Rhinegold Photo credit: Beethoven-Haus Bonn
The Beethoven House seen from the garden with a bust of Beethoven by Riscutia

Josephine Miles

Beethoven’s pianos feature in new sound sculpture

8:43, 2nd August 2019

Recordings made with Beethoven’s Broadwood and Graf pianos are part of a new sound installation outside the Beethoven House Bonn, the composer’s birthplace

The sound installation ‘Harmonic Time Travel’ was created by American sound artist Bill Fontana, currently Bonn’s city sound artist 2019. A 70-minute sonic loop plays on eight speakers hanging from the first floor of the Beethoven House. Passers-by will hear street sounds and bird song alternating with passages of Beethoven’s piano music.

Special recordings were made using Beethoven’s Broadwood and Graf pianos which stand next to each other inside the Beethoven House. The Broadwood is playable whereas the Graf, Beethoven’s last piano, has never been refurbished and is not fit to be played.

Vibration sensors were attached to the strings of the Graf, and pianist Dmitri Gladkov played Beethoven’s ‘Variations on a March by Dressler’ (composed in 1782 when Beethoven was only 11) on the neighbouring Broadwood. The resonant harmonies recorded by the vibration sensors on the Graf formed the tonal basis of Fontana’s sound sculpture.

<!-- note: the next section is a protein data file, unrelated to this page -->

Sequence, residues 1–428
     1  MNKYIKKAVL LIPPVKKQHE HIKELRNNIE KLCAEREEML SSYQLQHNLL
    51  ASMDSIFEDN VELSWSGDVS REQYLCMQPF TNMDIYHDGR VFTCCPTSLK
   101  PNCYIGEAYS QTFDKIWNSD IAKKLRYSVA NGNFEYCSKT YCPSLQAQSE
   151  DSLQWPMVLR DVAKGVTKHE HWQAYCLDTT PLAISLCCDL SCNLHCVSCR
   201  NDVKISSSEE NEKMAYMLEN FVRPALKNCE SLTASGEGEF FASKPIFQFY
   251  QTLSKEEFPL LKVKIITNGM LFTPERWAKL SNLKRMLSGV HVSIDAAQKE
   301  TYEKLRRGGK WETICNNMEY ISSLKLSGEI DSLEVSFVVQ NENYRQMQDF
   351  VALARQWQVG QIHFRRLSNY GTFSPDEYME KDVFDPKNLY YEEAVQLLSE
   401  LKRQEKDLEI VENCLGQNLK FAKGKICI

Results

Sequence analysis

Bill Fontana in Bonn (Photo credit: Meike Böschemeyer)

Fontana said that the concept of acoustic memory inspired his approach to the installation. The Graf piano, an instrument which can now only ‘listen’ to sound rather than produce sound itself, provided an ideal vehicle: this piano would become a ‘hearing aid’ for Beethoven’s music, which the composer himself was unable to hear latterly due to his deafness.

Fontana hopes that his sound installation presents a dreamlike, sonic journey through time, with the ambient natural sounds acting as bridges between the piano sections. ‘It should seem a bit like a dream, like a hovering cloud of sound, an acoustic haze. But it shouldn’t be overwhelming’, he said.

‘Harmonic Time Travel’ is part of the Bonn Hoeren project, a joint initiative established in 2010 between the Beethoven Foundation for Art and Culture and the City of Bonn. The installation runs daily from 14:00 to 18:00 until mid-December 2019, keeping the Beethoven House alive while it is closed for renovation.


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